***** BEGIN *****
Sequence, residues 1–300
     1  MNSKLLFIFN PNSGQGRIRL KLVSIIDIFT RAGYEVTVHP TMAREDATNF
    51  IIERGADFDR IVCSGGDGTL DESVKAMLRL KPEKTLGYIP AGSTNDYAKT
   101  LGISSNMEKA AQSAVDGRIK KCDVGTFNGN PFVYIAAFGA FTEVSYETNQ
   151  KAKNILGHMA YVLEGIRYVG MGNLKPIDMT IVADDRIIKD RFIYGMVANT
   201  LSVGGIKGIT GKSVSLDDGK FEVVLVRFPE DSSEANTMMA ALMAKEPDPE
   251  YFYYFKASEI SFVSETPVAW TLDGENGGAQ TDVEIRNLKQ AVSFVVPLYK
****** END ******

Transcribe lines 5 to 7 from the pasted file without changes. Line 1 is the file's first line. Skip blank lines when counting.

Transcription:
   151  KAKNILGHMA YVLEGIRYVG MGNLKPIDMT IVADDRIIKD RFIYGMVANT
   201  LSVGGIKGIT GKSVSLDDGK FEVVLVRFPE DSSEANTMMA ALMAKEPDPE
   251  YFYYFKASEI SFVSETPVAW TLDGENGGAQ TDVEIRNLKQ AVSFVVPLYK